MANSFIELD — Local students could see their artwork on billboards around Mansfield this year.
The Richland County Youth Substance Use Coalition recently announced its first drug and alcohol prevention art contest. To participate, students must create a poster, flyer, billboard design, artwork, YouTube or TikTok video, haiku, poem or meme that has a drug/alcohol prevention message.
“We would like this to be as student-led as possible, giving them a voice, letting them have fun along the way and learning the importance of substance-use prevention,” said Gurpinder Deol of Richland Public Health.
The RCYSUC was formed after receiving federal funding from the Drug-Free Communities program in October of 2019. The coalition works to reduce youth substance use and promote healthy activities.
Chairwoman Crystal Davis Weese said the group chose a student art contest in an effort to make the coalition’s work youth-led.
“We want to be impacted by their views and thoughts on prevention,” she said. “We understand that solutions only come from those impacted by the problem.”
Creators must be attending elementary, middle or high school. Students can work alone, with a group or create as a class.
The deadline for submissions is Jan. 31 at 10 a.m. After Jan. 31, submissions that meet the participation criteria will be voted on by students on the RCYSUC’s website.
A select few will be placed on billboards in Mansfield, others will be shared via social media, local news and on the RCYSUC website.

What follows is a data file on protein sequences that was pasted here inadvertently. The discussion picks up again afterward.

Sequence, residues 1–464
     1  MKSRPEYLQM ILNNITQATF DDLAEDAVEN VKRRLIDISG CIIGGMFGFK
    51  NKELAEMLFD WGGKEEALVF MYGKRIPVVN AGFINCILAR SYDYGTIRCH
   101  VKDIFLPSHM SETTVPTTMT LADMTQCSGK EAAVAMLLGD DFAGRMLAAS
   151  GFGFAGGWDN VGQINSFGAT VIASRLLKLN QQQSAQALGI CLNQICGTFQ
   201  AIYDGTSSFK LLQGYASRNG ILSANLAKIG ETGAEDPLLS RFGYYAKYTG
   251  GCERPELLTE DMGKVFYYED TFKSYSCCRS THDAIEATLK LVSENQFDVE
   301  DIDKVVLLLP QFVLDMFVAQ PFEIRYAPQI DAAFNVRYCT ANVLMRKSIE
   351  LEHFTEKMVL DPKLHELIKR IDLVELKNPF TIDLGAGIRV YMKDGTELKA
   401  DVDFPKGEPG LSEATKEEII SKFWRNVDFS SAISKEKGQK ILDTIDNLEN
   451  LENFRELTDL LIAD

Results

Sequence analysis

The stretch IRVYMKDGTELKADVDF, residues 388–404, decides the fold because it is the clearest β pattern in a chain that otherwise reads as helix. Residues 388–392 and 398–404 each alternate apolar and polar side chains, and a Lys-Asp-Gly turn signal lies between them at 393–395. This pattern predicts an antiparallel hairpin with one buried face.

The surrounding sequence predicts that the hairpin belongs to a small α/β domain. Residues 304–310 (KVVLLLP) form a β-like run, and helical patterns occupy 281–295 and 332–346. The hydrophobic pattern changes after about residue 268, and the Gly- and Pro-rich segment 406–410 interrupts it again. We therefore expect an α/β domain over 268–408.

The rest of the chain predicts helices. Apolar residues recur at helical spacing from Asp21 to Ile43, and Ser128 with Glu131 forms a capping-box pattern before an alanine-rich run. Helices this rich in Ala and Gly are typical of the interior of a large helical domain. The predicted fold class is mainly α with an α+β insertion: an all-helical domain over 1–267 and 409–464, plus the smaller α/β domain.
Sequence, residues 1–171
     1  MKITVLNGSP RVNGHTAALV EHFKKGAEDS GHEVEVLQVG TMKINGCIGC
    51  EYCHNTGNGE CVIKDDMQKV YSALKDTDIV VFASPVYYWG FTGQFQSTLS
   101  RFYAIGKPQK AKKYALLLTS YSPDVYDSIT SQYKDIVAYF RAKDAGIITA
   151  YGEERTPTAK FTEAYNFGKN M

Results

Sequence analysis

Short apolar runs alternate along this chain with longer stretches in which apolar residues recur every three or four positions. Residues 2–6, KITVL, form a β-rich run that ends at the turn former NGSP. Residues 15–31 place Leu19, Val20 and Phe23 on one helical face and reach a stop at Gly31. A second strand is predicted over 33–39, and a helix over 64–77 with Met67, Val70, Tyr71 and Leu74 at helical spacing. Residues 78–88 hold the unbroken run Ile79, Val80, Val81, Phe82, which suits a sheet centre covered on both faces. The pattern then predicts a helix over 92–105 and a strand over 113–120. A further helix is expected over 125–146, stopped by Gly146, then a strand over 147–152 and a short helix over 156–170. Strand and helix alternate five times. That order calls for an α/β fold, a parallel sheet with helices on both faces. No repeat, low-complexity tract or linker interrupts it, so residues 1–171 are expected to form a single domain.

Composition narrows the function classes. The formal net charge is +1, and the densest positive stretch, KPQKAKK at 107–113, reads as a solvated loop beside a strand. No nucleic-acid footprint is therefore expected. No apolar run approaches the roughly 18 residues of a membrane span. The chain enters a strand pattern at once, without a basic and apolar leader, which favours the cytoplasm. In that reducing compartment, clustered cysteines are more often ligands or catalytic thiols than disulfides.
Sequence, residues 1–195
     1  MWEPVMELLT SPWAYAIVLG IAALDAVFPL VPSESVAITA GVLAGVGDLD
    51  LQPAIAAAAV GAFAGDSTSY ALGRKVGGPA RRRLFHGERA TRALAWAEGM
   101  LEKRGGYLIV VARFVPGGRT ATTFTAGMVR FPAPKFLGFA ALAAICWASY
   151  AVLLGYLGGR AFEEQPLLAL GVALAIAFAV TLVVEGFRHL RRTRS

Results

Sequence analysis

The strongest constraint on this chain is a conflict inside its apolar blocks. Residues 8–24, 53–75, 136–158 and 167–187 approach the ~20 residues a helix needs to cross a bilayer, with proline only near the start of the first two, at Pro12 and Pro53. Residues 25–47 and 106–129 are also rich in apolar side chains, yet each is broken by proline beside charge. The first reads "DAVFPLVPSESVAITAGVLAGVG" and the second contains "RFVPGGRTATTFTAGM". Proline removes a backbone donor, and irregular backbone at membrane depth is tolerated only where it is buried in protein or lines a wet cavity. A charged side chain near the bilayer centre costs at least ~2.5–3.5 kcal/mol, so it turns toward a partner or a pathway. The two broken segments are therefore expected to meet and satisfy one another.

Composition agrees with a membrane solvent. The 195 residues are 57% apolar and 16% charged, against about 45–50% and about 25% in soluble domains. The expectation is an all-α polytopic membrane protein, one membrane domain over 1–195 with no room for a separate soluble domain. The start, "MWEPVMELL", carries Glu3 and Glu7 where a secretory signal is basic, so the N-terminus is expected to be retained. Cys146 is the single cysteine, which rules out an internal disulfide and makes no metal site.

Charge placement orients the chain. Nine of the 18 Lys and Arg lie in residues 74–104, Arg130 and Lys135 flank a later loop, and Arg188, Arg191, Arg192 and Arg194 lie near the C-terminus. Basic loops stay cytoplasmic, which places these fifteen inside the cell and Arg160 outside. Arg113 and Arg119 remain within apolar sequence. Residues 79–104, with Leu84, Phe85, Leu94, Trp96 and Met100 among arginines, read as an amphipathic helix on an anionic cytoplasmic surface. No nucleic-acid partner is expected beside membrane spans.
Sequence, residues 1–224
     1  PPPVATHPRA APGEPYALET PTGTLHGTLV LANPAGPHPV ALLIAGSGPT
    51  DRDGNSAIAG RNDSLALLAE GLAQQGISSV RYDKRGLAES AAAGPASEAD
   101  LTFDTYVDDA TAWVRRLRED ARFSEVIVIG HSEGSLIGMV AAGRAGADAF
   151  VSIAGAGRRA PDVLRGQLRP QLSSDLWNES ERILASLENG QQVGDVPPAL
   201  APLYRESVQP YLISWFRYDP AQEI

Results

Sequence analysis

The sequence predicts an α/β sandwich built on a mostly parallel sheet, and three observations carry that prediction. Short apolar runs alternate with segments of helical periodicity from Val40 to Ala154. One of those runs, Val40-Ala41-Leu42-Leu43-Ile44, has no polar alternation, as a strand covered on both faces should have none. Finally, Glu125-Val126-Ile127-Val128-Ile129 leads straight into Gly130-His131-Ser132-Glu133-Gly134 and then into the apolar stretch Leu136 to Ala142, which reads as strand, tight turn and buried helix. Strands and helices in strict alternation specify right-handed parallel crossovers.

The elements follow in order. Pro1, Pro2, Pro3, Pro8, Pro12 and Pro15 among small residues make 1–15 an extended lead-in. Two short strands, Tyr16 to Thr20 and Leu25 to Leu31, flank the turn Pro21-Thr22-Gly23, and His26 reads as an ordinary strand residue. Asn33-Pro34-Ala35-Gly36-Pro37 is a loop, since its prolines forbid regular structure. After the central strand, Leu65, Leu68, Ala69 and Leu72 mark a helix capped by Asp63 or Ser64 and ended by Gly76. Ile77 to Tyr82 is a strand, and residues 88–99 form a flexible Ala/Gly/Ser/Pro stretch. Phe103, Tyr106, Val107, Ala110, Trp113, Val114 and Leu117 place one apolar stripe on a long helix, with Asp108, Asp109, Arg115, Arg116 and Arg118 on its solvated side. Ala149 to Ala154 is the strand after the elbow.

There are also prizes up for grabs, including $100 gift cards, Cedar Point passes and a class pizza party.
“We want this to be a campaign to not only educate students and the community at large, but recognize students for the excellent work they are doing,” Deol said.
Winners will be announced in early February.
Submissions must use family-friendly language and images.
The RCYSUC is also looking for youth interested in joining the coalition. Members of the coalition are assigned to committees based on their interests and skillset, but may assist with communications, prevention education and youth-centered activities, future contests or the RCYSUC’s social media platforms.
“I think it vital that we involve students in the process, because we value them, and know that leadership doesn’t have to have an age or big corner office, it just takes the willingness to be a part of the process,” Weese said.
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